Diane, 11:30 a.m., February Twenty-fourth. Entering the town of Twin Peaks, five miles south of the Canadian border, twelve miles west of the state line. I’ve never seen so many trees in my life. As W. C. Fields would say, I’d rather be here than Philadelphia. Fifty-four degrees on a slightly overcast day. Weatherman said rain. If you could get paid that kind of money for being wrong sixty percent of the time, it’d beat working. Mileage is seventy-nine thousand three hundred forty-five, gauge is on reserve, riding on fumes here, I’ve got to tank up when I get into town. Remind me to tell you how much that is. Lunch was, uh, six dollars and thirty-one cents at the Lamplighter Inn, that’s on Highway Two near Lewis Fork. That was a tuna fish sandwich on whole wheat, slice of cherry pie, and a cup of coffee. Damn good food. Diane, if you ever get up this way that cherry pie is worth a stop. Okay. Looks like I’ll be meeting up with the, ah, Sheriff Harry S. Truman. Shouldn’t be too hard to remember that. He’ll be at the Calhoun Memorial Hospital. I guess we’re going to go up to intensive care and take a look at that girl that crawled down the railroad tracks off the mountain. When I finish there I’ll be checking into a motel. I’m sure the sheriff will be able to recommend a clean place, reasonably priced. That’s what I need, a clean place, reasonably priced.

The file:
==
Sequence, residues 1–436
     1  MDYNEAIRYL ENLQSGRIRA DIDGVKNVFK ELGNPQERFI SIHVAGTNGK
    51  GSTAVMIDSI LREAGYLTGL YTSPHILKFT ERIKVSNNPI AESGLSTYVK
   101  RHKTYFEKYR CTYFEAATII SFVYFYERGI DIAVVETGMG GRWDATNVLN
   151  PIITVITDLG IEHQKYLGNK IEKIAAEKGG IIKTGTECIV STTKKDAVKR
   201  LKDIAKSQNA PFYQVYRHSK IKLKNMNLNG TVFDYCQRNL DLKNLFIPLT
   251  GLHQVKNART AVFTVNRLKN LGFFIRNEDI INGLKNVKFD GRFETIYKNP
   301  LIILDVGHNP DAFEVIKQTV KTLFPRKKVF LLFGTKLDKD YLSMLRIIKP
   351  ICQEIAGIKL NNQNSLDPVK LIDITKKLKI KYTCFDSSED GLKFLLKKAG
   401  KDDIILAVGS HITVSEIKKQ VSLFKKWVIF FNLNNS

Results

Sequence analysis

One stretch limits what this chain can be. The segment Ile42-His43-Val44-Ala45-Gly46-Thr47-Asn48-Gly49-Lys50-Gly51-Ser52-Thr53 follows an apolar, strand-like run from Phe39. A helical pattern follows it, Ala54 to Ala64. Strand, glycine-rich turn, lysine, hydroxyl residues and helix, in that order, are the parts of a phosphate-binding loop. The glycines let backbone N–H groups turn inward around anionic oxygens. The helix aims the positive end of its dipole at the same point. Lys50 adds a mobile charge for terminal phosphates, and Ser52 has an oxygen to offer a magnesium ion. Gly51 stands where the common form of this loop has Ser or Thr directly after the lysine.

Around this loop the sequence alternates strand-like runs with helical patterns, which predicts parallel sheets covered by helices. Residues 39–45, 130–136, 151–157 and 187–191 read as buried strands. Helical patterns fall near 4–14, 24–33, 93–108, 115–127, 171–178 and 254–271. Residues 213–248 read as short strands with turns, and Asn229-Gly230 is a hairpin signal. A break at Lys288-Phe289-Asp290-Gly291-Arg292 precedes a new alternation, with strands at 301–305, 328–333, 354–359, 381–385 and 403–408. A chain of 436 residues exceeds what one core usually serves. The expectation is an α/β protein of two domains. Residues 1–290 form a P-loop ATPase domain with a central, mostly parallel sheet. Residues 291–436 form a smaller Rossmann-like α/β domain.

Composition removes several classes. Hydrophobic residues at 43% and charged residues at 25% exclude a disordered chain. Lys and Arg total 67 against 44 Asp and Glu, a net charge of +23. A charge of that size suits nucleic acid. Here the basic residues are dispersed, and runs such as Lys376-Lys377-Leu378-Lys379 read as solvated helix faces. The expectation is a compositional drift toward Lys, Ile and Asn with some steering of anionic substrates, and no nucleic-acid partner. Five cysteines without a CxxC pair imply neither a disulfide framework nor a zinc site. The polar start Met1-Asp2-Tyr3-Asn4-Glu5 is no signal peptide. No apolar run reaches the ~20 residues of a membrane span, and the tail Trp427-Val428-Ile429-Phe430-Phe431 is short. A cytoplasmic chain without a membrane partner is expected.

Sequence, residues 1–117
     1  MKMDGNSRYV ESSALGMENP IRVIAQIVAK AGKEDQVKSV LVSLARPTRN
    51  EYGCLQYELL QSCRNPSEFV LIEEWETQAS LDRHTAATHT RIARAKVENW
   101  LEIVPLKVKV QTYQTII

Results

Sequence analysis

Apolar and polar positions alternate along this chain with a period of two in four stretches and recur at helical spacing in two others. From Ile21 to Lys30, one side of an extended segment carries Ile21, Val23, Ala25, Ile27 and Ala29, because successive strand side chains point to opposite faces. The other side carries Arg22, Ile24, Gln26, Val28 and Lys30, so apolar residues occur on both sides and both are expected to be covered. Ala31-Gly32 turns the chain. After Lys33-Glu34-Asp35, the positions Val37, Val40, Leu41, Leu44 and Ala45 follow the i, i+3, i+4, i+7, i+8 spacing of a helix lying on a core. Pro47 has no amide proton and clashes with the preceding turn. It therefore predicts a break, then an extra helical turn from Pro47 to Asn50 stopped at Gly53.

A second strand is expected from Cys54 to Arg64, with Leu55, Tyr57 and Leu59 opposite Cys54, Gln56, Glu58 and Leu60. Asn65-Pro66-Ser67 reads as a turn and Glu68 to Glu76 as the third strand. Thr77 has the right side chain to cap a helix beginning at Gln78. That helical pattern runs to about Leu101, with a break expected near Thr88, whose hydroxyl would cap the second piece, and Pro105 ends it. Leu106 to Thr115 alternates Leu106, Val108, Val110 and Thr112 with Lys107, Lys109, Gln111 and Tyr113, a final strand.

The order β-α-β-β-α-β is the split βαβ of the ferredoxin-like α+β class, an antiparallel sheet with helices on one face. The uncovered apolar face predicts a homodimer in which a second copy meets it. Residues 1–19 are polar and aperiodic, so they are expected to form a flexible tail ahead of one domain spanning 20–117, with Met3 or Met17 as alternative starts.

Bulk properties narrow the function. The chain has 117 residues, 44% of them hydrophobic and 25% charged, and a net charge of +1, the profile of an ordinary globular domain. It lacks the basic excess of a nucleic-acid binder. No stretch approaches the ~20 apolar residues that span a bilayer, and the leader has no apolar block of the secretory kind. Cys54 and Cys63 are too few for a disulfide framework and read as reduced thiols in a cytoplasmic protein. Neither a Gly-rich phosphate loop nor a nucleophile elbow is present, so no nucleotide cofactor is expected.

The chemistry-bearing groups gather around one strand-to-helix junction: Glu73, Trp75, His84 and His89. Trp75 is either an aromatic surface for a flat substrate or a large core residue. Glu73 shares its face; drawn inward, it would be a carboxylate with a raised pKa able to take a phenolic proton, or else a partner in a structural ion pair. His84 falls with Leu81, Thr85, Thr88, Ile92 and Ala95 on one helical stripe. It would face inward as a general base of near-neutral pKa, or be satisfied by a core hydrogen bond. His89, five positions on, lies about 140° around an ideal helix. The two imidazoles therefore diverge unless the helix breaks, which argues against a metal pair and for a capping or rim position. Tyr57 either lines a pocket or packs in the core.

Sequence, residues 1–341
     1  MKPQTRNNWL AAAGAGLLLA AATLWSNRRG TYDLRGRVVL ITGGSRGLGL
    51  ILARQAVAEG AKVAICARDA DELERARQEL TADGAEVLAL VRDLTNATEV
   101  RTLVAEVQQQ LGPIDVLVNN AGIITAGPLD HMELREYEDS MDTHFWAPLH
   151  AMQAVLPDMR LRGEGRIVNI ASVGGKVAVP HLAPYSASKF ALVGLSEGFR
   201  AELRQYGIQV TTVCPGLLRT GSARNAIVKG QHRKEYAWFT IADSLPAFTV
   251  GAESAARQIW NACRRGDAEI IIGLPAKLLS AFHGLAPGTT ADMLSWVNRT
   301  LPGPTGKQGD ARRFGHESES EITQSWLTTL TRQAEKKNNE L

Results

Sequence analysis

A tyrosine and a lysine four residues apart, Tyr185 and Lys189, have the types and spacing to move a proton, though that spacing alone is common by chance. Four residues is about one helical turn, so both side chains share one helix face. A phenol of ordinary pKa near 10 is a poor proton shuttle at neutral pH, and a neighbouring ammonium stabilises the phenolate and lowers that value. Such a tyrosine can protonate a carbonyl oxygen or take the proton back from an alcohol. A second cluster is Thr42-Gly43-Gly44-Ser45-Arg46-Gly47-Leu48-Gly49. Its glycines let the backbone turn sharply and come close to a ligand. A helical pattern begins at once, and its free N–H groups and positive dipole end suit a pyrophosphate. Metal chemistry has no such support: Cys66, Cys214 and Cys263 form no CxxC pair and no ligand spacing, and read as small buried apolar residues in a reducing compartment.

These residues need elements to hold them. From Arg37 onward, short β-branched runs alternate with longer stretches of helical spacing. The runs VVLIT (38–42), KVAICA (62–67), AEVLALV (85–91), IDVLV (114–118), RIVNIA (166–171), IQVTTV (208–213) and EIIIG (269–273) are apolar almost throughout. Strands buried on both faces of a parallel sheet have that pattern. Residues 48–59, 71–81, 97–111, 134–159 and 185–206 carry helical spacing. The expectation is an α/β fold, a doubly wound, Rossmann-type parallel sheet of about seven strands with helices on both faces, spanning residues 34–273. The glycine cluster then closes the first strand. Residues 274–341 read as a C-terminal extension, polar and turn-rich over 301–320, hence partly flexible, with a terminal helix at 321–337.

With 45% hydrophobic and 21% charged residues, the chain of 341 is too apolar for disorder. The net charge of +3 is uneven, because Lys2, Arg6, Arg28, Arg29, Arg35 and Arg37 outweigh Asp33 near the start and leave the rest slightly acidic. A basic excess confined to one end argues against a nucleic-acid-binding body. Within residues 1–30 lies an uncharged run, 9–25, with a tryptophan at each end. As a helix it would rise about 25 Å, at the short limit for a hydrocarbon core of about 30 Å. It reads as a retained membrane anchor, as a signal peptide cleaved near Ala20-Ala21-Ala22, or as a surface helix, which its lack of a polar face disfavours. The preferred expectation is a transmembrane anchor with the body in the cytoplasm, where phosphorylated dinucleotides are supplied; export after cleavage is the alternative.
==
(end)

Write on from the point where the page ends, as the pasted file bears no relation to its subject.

Oh Diane, I almost forgot. Got to find out what kind of trees these are. They’re really something.